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Hi to all,

I did mention this in my post about Lionel motors but I figured I would start another specific post to ask this.

My recently obtained 397 coal loader that tends to have the coal gather on one side.

Unit is lubed and running well. I tried adjusting the cam as described in the service manual by tapping the cam follower but even with a very light tap the side did crack from old age. Luckily it was a tight crack in one piece that did not break completely out so I was able to repair it with superglue.

After the crack repair I did measure the distance from the one side of the flat of the cam followers to edge of the tray and they are equal. I also measured to the top of the flat of the cam followers to the bottom of the tray and both are also equal. Within a reasonable tolerance for the day I believe the cam followers will it the cams evenly.

I read on an old post about shimming one side of the 397 loader tray to help with balance out the loading action. Anyone heard of this? If so which side do you shim and what is a good material to use ? The post referred to is no longer available.

Any other suggestions or tips would be welcome. I hope to be able to use this on the Christmas layout this year.


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To all,

I did go down and play with the loader a little bit. An interesting thing I found if I put light finger pressure on the front of the scoop pushing back towards the rear on the side that does not load the coal  well it starts working better and the coal will start going up towards the back. I'm talking LIGHT pressure.

Its' almost like the side that's not sending the coal up the shoot is not getting enough pressure to give a good recoil effect. I hope I'm making sense. I checked the spring for tension and also swapped the cams around to see if it made a difference and went to the opposite side  .It did not. I also check with a ruler again the location and alignment of the cam followers . They appear to be as close as 1950s tolerance would expect, maybe even a little better

Any thoughts,suggestions or help would really be appreciated!

Again Thanks

You "checked the spring for tension."  The spring, like the rest of your loader, is probably over 60 years old.  It might not provide the tension it did in 1955...

Try the light finger pressure right at the center of the scoop (not off to the side) and see if that also helps move the coal evenly toward the conveyor.  If it does, you might try a new spring.  Part 397-23.

Another thought; the bottoms of the cam followers can get gummed up with a coating of oxidation and crud from the base plate.  Try a gentle cleaning on the bottom of both cam followers, as well as the surface of the base plate underneath.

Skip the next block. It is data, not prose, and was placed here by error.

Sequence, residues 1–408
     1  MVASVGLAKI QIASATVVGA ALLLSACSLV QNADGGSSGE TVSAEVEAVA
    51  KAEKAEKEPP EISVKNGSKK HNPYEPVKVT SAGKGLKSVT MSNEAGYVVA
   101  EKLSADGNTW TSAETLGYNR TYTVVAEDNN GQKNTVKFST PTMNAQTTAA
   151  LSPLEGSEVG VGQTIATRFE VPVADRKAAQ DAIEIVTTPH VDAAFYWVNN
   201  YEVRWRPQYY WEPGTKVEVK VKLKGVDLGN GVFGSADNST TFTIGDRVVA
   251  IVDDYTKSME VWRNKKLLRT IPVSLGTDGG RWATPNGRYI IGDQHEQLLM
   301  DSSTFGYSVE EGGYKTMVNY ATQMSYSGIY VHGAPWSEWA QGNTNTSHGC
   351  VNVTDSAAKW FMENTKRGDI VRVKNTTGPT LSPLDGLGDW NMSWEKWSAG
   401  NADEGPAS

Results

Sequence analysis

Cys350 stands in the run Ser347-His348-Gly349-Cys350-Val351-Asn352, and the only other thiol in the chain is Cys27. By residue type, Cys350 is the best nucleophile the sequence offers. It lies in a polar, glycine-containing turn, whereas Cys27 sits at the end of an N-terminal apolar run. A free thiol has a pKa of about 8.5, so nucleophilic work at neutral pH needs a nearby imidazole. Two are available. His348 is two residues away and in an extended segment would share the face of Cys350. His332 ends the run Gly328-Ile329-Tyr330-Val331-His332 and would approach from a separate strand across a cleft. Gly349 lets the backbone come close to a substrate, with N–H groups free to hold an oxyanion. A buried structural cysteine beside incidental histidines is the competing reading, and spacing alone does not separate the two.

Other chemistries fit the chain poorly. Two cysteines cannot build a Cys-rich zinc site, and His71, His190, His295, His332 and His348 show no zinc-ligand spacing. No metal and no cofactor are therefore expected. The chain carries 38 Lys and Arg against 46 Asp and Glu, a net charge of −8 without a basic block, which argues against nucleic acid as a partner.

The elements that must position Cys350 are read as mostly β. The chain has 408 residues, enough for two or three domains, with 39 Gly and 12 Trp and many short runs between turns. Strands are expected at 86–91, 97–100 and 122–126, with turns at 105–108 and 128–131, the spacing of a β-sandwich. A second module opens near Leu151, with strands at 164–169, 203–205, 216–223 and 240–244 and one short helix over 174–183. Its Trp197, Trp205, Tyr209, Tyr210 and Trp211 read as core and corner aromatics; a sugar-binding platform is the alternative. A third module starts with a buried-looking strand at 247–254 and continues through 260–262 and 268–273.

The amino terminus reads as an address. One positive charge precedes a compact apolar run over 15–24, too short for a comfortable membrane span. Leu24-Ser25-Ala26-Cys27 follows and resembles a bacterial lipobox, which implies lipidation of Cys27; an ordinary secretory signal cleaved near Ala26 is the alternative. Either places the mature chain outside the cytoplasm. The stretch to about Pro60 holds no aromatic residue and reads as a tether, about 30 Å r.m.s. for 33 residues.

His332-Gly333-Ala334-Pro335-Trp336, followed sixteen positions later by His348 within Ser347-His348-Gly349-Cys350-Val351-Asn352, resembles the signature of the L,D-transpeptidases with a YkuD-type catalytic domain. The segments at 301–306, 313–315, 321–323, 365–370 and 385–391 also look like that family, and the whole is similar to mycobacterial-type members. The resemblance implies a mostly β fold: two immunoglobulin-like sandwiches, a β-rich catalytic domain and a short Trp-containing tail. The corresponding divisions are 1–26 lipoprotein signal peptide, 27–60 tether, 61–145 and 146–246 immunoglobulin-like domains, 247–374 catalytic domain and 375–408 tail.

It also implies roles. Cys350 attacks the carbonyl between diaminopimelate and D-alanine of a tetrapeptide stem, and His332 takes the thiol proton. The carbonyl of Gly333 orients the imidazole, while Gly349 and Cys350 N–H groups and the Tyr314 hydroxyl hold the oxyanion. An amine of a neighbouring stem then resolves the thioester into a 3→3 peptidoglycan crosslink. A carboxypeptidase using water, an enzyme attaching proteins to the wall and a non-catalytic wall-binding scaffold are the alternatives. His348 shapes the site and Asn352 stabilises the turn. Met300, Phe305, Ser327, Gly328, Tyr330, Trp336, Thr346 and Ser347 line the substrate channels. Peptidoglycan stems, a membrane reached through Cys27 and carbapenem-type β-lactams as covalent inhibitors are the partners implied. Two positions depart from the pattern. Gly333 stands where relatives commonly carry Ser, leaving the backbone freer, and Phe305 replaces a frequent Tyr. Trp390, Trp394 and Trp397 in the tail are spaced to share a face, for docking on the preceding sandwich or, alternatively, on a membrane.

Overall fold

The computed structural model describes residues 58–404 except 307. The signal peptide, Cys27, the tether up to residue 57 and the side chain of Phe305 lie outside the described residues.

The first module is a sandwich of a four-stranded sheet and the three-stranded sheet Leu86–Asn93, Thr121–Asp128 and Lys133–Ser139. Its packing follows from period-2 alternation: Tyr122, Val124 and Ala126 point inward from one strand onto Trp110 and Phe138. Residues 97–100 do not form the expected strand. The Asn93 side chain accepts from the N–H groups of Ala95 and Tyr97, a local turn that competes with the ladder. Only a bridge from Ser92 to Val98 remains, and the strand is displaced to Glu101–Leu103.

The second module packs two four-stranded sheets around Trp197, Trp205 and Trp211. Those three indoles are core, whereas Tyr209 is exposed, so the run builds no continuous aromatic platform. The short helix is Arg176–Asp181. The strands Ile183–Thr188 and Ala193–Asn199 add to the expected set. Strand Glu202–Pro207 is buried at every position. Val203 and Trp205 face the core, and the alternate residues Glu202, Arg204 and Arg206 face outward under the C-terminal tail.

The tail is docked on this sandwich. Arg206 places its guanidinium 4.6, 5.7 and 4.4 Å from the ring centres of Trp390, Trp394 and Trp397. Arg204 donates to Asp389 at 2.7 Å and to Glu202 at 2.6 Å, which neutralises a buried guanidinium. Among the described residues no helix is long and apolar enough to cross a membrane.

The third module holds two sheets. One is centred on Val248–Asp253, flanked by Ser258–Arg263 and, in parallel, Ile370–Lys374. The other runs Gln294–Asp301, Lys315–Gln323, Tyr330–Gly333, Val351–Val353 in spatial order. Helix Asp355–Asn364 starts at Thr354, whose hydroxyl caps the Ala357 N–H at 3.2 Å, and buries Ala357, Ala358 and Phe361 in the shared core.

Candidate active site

Again Thanks to all that have been trying to help.

In regards to the coal loader issue I’m working on (see photo) loading on one side. I found an interesting thing thanks to a suggestion from Jeff at the Train tender. He suggested that the loading bin might be warped from age. I took the bin off and put in on a piece of plate glass to check this. I would believe that the bottoms of the 2 cam followers should touch the plate along with the front of the bin. What I found was when the bin was allowed to sit on the plate of glass the cam follower on the side where the coal wants to load was sitting quite a bit higher!  I’m not sure if this could be the issue or not.  Is there a way to un warp the bin or shim it to balance it out?  Hoping to find a way to get this working for the Christmas layout I’m building. Grandpa made the mistake of mentioning it so I’m worried I might be the one getting the “Naughty Coal” this year.  

Any thoughts, suggestions, or help would really be appreciated!coal loader397 height


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Thanks for the reply!

So your recommending replacing the cams instead of trying to file the cam followers? I appreciate the offer of sending it to you but I would really like to try and get it working. It's frustrating at times but it's also fun to learn something new with the help of others. I'm getting back into the hobby after a long time away from it. It's nice to see that their are still hobbyist  willing to help others.            If I can still file the cam  would it be on the side where the coal is bunching at or the side where the coal will not load? If filing the cam follower notch is still an option I would figure it would be needed to be filed at point B instead of A. Is that correct?

See attached. And again thanks for everyone's help

All the Best!

Can follower


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Hi Chuck, Thank you for the reply and clarifying what needed to be filed. I did want to be sure that I'm not installing the cams incorrectly!  I have both cams installed so that the flats are in line with each other. (If i took a ruler with the cams installed on the shaft the notch on left cam would align with the notch on the cam on the right side). If I turn the rod assembly 180 degrees  the same would be found. Does that sound correct? Thanks again!